RTÉ Investigates has learned that following a protracted row with the Charities Regulator the Kerry based charity Animal Heaven Animal Rescue (AHAR) has agreed to accept four trustees nominated by the Charity Regulator.
Last month, Animal Heaven Animal Rescue (AHAR) refused to act on a demand from the Regulator that it accept two nominees, ISPCA CEO Andrew Kelly and David Hall, CEO of the Irish Mortgage Holders Organisation. RTÉ Investigates understands that the Regulator has been concerned about financial governance and other issues at the charity.
In a private Facebook message to supporters last month AHAR founder and manager Suzanne Gibbons described the Regulator’s move as a "take over" and in a public video posted on the charity’s Facebook page on September 16th she said that it would "change the very ethos of AHAR."
RTÉ understands this was the first time the Charities Regulator had faced such a challenge from a charity. The Regulator responded to the defiance by doubling the number of its nominees for the AHAR board. It also demanded that the current AHAR chairman be replaced by David Hall. On Monday AHAR capitulated and said it would accept the Regulator’s demands. According to sources, if it had not agreed to accept this arrangement by the close of business Monday it would have faced immediate High Court action.
Aside from David Hall the other nominees are accountant Paul Nolan, Diarmaid Ó Corrbuí, the CEO of Carmichael which advises non-profit organisations, and John Hogan, a business consult-ant who previously served as a director of the Citizens Information Board. The four men are expected to be confirmed at the next meeting of the current AHAR board. Andrew Kelly of the ISPCA has withdrawn from consideration.
Previously, the Charities Regulator took action against AHAR in January 2017 after it found the charity was in breach of the law by not maintaining proper accounts. AHAR rectified its affairs and the following March the Regulator stated AHAR was now keeping proper accounts and that it would not prosecute the then trustees of the charity.
The intervention in January 2017 was announced on the day of an RTÉ Investigates report ex-posing significant corporate governance problems and misleading fundraising practices at the animal rescue, which recorded income of €462,000 in 2016 and boasts almost 190,000 Face-book followers. While the programme did not suggest that the organisation's money had been misappropriated, it found that substantial cash withdrawals and limited receipting had led to an overall lack of financial transparency.
A spokesperson for the Regulator confirmed on Monday that it was "engaging with the trustees of AHAR on issues regarding management and governance of the charity," but declined to comment further. It is believed that while the Regulator’s concerns relate primarily to financial governance at the charity, it is also concerned over the source of the animals that AHAR uses for fundraising purposes. Typically, AHAR puts photos or videos of dogs on its Facebook page and requests donors to donate for the animals’ care.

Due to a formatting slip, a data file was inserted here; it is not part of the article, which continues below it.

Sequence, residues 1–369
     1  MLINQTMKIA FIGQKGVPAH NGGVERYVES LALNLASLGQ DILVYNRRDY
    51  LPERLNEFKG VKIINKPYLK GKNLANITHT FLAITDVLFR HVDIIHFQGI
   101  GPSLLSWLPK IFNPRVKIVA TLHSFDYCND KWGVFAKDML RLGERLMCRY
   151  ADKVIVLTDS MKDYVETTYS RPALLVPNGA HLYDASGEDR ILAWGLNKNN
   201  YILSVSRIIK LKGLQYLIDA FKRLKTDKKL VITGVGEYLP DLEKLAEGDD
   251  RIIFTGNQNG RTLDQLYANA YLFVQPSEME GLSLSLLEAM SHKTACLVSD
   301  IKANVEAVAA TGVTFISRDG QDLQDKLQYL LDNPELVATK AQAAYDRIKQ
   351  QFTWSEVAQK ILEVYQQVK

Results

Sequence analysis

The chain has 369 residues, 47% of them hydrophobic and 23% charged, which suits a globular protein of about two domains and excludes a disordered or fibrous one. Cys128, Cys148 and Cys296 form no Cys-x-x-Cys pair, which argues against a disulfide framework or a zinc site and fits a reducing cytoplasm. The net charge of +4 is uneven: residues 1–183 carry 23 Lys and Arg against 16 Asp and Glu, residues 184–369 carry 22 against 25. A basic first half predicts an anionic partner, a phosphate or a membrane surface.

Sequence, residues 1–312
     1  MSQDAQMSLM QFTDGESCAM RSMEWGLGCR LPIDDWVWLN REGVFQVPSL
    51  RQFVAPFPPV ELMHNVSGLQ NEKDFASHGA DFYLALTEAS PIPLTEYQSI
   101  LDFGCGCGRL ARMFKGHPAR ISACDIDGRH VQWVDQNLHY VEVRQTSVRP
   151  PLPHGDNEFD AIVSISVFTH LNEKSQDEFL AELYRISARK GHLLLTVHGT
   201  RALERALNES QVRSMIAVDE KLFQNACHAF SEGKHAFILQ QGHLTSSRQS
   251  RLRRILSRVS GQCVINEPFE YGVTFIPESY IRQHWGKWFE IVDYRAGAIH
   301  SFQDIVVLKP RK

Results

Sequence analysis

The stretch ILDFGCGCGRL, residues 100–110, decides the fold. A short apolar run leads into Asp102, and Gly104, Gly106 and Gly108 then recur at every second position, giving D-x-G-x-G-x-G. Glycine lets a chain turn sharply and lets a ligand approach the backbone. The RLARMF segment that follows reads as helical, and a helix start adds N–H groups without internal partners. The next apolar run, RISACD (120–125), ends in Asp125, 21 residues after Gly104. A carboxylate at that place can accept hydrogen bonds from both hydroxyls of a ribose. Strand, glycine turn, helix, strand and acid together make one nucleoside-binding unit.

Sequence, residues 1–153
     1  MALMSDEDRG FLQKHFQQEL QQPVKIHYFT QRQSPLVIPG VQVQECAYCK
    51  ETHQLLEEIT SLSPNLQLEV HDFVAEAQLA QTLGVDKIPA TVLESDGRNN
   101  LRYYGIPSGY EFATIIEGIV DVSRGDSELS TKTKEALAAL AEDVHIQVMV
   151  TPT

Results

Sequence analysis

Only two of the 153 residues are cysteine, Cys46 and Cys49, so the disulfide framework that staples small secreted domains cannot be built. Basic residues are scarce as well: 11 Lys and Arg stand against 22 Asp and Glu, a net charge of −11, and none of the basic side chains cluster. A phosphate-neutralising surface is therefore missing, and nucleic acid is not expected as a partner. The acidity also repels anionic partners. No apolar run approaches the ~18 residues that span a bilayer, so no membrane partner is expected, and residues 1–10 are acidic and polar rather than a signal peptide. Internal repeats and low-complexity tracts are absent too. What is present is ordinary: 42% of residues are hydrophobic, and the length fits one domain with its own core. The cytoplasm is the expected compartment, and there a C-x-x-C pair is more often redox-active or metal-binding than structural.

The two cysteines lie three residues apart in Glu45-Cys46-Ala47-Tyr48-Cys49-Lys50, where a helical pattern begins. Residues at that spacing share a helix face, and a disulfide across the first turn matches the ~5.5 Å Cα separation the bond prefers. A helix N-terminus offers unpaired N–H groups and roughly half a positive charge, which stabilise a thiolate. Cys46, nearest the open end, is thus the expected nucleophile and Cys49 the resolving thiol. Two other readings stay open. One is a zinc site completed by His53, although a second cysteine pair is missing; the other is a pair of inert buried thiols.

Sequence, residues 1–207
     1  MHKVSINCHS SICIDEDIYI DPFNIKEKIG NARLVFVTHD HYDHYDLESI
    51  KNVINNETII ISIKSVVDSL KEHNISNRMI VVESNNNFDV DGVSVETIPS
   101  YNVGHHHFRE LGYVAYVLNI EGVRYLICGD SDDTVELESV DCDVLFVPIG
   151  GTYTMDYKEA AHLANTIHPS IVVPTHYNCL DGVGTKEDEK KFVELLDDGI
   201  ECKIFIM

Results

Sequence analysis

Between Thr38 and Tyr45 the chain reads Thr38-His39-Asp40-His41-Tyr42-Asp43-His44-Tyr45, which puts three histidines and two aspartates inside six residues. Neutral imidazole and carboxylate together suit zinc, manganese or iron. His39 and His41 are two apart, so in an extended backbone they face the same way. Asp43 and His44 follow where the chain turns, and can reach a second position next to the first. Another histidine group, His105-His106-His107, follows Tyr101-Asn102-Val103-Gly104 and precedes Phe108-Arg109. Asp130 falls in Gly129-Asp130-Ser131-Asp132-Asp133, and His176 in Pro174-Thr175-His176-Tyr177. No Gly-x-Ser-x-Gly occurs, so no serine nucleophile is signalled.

It buys many of these animals, a rescue-through-purchase practice that critics say feeds the market for backyard dog breeders. AHAR claims it is often the only way to save animals at risk.
Internal correspondence at the Department of Agriculture, Food and the Marine released to RTÉ Investigates under Freedom of Information legislation reflects Departmental concerns that AHAR was simply buying dogs directly from dealers. One email from an official regarding the source of 12 dogs that the charity claimed to rescue from dire circumstances in January 2017 stated "My concern is this is a ‘dog dealer’ and these are not really rescue dogs." In another email an official cast doubt on AHAR’s explanation that the 12 dogs arrived to the charity after a dog warden threatened to seize them from their owner."I have checked with the dog wardens," the official stated, "but they know nothing about these dogs as neither do I." The Department of Agriculture is tasked with monitoring animal welfare at animal charities.
Other correspondence later in the year reflected continued concerns in the Department about the source of other dogs that AHAR claimed to have purchased at fairs. In a July 2017 email, an inspector wrote, "Pressure must be put [on AHAR] on the source of the dogs. We do not believe that they are from the fairs."
In a letter to the AHAR chairman in November a senior official from the Department of Agricul-ture, wrote that one of its inspectors had "fundamental concerns with regards to AHAR, includ-ing the non-disclosure of the sources of rescued dogs, the failure to report instances of poten-tial welfare problems in situations where AHAR has deemed it necessary to rescue animals..."
In a statement to RTÉ AHAR said "In reference to sources of rescued dogs AHAR keeps uni-formed records of every dog, where it comes from, its veterinary work and any other issues whilst at AHAR up until the dogs are re-homed, as all rescues are required to do. We do report situations where there are welfare issues, but as you can understand we along with every other rescue in Ireland are not allowed to ask for proof of identity of the persons giving us the ani-mals. We therefore can only record the details given to us at this time."
Previous reports by RTÉ Investigates on AHAR: